Falling diesel prices help lead to record sales
RAC Fuel Watch data for December shows that the average price of petrol fell by more than 4p a litre in December – from 107.55p at the start to 102.89p by the close – the lowest price since December 2009.
The average price of diesel also dropped 3p a litre during the month – from 109.86p to 106.18p – cutting the cost of filling a typical tank by £2.56 and making it £6.91 cheaper than at the end of December 2014.
The RAC added that the falling price of diesel may also have contributed to a new record sales high with HMRC oil duty statistics for November showing the UK used 2.574bn litres of diesel, which is more than at any point since 1990. The figures also show combined sales of petrol and diesel were 2.7% up on October at 4.011bn litres and 0.3% up on the previous November. Petrol sales were down 1.6% (1.437bn litres) on October and down 4.1% compared to November 2014.
RAC Fuel Watch – which monitors the same data that retailers use – shows that the December reductions were fuelled by the falling oil price which underwent a 17% drop, with a barrel of oil coming down from $43.26 to $35.75 by the end of the month, taking it to a price last seen in June 2004. The barrel price tumbled to below $40 on Monday 7 December, paving the way for the sub-£1 litre, and has stayed below ever since.
RAC fuel spokesman Simon Williams said: “December was an excellent month for petrol car drivers with all four major supermarkets cutting the price of petrol to under £1 a litre on 11 December shortly after the RAC predicted it would happen. Unfortunately, despite the wholesale price of diesel being on average 2p a litre cheaper than that of petrol since 8 December, we didn’t see the pump price fall to the same level until a few days ago.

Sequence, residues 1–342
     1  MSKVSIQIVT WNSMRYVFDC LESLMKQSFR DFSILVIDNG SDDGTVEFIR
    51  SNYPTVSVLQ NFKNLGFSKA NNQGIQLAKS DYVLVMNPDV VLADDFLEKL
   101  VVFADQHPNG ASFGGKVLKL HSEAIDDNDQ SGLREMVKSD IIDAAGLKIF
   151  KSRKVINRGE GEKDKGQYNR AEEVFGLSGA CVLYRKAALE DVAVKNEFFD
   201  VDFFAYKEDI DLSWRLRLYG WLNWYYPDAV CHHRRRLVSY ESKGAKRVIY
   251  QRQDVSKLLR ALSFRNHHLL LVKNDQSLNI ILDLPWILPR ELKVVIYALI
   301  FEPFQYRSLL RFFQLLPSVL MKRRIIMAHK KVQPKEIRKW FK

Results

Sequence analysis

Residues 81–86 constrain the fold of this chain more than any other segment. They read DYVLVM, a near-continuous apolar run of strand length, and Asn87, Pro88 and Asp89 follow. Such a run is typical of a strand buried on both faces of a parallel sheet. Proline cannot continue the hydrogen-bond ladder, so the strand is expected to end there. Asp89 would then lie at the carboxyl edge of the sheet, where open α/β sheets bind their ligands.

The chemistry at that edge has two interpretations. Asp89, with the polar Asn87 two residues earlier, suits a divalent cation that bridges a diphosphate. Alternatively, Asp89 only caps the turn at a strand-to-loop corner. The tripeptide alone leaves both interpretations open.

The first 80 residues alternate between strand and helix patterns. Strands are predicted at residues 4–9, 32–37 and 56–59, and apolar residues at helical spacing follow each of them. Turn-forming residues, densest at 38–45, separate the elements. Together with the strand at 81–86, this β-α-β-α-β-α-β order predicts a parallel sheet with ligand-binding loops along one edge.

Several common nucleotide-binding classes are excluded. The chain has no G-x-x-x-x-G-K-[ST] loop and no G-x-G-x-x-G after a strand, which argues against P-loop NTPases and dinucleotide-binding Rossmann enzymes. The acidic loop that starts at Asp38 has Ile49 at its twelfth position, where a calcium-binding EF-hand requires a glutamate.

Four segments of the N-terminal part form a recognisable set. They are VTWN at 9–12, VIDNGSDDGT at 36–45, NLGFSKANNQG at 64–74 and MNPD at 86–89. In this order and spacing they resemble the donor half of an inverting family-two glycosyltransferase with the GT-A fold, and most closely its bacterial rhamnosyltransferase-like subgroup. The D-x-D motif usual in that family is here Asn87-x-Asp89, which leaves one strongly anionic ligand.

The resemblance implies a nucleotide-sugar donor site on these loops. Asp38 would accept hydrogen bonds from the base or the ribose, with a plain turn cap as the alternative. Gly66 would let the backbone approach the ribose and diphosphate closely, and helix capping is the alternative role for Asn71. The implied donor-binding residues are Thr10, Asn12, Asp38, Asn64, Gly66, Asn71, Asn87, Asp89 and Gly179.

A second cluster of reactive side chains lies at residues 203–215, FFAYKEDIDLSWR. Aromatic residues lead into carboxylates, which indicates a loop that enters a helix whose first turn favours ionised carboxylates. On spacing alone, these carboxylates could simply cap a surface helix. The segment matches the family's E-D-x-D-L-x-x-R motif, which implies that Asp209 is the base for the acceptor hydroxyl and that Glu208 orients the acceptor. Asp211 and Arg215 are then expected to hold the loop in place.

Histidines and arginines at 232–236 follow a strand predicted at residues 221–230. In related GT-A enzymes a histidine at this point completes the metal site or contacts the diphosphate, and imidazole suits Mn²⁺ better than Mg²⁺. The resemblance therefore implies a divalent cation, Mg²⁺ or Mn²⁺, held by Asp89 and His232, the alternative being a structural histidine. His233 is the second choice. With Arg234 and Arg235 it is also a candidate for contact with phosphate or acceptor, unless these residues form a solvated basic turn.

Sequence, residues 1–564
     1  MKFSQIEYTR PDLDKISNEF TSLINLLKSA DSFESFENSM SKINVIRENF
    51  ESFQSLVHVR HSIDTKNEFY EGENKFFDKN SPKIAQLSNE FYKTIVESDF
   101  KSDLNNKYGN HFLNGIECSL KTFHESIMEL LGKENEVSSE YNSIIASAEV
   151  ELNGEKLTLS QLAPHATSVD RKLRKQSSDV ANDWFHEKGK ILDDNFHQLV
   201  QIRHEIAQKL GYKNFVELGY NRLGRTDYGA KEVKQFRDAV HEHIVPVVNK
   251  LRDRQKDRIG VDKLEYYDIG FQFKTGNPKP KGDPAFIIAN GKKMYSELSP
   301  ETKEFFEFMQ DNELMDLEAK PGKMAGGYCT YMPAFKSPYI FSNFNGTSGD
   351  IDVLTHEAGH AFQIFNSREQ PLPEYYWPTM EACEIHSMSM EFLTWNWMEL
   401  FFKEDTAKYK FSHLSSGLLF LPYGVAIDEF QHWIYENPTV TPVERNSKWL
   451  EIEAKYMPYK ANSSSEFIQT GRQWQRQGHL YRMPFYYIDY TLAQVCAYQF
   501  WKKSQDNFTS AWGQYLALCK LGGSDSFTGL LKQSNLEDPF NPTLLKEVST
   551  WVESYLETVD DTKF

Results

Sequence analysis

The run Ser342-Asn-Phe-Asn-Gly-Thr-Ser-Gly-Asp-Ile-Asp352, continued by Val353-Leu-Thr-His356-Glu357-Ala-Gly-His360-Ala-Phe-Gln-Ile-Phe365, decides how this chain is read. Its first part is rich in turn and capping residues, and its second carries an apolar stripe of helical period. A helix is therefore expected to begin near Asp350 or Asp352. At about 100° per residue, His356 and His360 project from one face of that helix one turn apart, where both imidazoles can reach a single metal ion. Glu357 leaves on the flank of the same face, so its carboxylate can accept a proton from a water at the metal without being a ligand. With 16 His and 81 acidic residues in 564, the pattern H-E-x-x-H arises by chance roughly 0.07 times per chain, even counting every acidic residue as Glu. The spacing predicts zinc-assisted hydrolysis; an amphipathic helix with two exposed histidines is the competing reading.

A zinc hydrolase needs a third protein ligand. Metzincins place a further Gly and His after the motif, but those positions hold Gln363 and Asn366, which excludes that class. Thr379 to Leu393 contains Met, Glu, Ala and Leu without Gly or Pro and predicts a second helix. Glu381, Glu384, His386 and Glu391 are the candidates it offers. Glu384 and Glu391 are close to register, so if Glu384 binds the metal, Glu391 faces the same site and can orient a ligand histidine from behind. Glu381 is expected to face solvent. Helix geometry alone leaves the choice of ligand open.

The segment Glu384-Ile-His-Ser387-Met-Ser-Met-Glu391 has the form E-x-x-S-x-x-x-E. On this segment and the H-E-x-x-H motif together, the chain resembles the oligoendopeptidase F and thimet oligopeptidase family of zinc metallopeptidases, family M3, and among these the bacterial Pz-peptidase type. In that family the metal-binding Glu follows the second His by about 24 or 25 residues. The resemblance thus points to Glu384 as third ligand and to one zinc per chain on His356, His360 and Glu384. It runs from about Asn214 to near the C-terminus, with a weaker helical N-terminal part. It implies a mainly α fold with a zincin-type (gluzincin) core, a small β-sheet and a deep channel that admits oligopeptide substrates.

“Retailers have established a pretty good track record of passing on wholesale cost-savings at the pump over the period since the price of oil fell from $115 a barrel in June 2014. But not cutting the price of diesel when there was an opportunity to do so before Christmas has undermined that. While we still expect fuel prices to stay low for some time, it will be interesting to see how quickly pump prices go up again when the cost of oil rises. Of course, this tends to happen with little publicity in contrast to the fanfare that accompanies price reductions.”
He added: “For average prices of both petrol and diesel to reach the £1 a litre mark, it would require a further drop in the wholesale price of petrol to be passed on by retailers, and for diesel pump prices to more closely reflect the recent reductions seen on the wholesale market. If retail pricing more directly mirrored wholesale movements then the average price of diesel should move nearer £1 a litre, but sadly unleaded may rise due to the weakening pound.”